CEQA has been in the news recently, and Metro is no stranger to delays in the environmental process. CEQA stands for California Environmental Quality Act and is required for most large scale infrastructure projects. It’s a study and subsequent report on how the project will affect the environment and the people who live near the project. Intended as a security feature to mitigate risks, it's recently been used to delay or even kill a project entirely. At their most recent City Council meeting, The City of Lawndale acknowledged that they intend to submit comments on the Draft EIR (Environmental Impact Report) for the South Bay C Line Extension on the last day of the 60-day comment period, with the intent that it will take Metro longer to answer those comments, further delaying the project. In addition, LA County’s newest Board Member, Lindsey Horvath, announced her own concerns in hearing out the Bel-Air and Sherman Oaks homeowners who have, in writing, stated that if they do not receive their way in the selection of a monorail for the project, they will delay the timeline of the project by any means necessary. The Metro Board of Directors is slated to choose the alternative for that project this summer, but that decision lays at the bottom of a long list of delayed decisions in recent years.

 

Adam G. Linder, LARHF LA Metro Reporter

January 2023 – Metro Monthly

 

Happy New Year, MetroRail fans! With the new year comes new hopes for Los Angeles Rail investment and expansion. With still no date for the map-busting Regional Connector, the project is approaching 99% completion and should open in the first half of the year.

 

The D Line Extension is chugging forward, however the new owners of Westfield Century City have requested a change in the design and are no longer interested in a direct underground connection from the upcoming D Line Station. The Tunnel Boring Machines (TBMs) are almost complete for Section 2 of the D Line and have safely finished excavating under Beverly Hills High School. Back in 2017, local organizations and parents made a plea to former President Trump to “save their children” from the dangers of the subway expansion.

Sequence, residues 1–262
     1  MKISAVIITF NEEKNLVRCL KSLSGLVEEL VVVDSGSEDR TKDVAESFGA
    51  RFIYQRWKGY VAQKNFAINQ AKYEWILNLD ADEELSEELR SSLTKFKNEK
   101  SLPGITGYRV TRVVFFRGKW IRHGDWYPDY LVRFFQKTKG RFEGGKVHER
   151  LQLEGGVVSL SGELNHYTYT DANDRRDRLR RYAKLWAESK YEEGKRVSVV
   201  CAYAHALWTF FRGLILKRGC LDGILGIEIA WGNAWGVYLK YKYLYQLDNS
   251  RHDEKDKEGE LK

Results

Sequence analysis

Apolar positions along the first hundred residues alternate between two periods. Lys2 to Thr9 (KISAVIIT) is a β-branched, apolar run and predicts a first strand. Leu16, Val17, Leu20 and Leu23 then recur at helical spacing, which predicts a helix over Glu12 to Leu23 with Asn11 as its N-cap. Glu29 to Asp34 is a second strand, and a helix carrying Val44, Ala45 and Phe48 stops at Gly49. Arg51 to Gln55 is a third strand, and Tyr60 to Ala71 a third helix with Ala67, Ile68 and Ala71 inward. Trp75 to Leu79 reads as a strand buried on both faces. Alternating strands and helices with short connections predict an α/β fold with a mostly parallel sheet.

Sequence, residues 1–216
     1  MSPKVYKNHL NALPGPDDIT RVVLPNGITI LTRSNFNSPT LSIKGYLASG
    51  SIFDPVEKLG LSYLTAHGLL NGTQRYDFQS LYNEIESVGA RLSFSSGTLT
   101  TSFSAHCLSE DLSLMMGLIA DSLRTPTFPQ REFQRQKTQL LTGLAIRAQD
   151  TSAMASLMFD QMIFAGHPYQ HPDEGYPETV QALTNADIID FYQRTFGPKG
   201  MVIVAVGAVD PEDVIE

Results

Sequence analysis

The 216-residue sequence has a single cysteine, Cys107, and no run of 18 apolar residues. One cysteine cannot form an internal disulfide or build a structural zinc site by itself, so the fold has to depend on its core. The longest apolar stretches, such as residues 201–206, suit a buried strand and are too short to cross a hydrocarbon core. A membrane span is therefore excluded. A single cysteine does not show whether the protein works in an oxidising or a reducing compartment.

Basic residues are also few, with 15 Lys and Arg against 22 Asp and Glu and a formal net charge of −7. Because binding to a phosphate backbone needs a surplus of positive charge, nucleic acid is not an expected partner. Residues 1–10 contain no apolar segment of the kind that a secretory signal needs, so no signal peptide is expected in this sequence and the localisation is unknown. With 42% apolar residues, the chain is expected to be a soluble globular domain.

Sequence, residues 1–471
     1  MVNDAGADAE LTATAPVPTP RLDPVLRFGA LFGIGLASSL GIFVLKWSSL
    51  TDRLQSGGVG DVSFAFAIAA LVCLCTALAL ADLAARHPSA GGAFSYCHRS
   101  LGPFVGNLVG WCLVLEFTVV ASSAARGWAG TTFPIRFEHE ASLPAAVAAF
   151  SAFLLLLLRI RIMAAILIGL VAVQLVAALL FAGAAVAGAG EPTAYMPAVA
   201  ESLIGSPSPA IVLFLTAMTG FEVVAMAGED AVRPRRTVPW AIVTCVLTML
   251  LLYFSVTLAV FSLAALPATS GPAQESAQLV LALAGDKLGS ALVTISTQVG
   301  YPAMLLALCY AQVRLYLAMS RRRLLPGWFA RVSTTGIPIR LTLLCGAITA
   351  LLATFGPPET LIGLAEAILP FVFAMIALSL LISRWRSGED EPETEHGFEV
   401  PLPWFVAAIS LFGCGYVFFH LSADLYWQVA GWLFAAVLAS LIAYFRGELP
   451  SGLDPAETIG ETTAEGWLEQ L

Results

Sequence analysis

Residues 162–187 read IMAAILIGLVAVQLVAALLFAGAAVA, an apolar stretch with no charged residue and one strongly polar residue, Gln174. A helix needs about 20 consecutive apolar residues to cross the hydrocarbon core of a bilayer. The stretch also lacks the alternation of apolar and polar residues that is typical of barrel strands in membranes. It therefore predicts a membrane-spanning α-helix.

A similar situation is expanding now with some organized residents of Bel-Air and Sherman Oaks attempting to influence the long-awaited Sepulveda Transit Corridor. Metro Los Angeles has sent a letter to LA Skyrail Express, the company planning the monorail alternatives for the project, stating that their unsanctioned meetings with UCLA, The Bel-Air Home Owners Association, and the Sherman Oaks Home Owners Association are in direct violation of Metro’s Pre-Development Agreement. Metro Los Angeles is a taxpayer-funded government agency and private meetings meant to circumvent public interest could be grounds for dismissal. Fred Rosen, leader of the Bel-Air Home Owners Association, has been vocal about his disdain for Metro’s practices of prioritizing the public response above his demands on behalf of the homeowners. The Sepulveda Transit Corridor is partially funded by Measure M and is scheduled for an opening date of 2033-2035. Additional litigation by private interests may further delay construction of this project.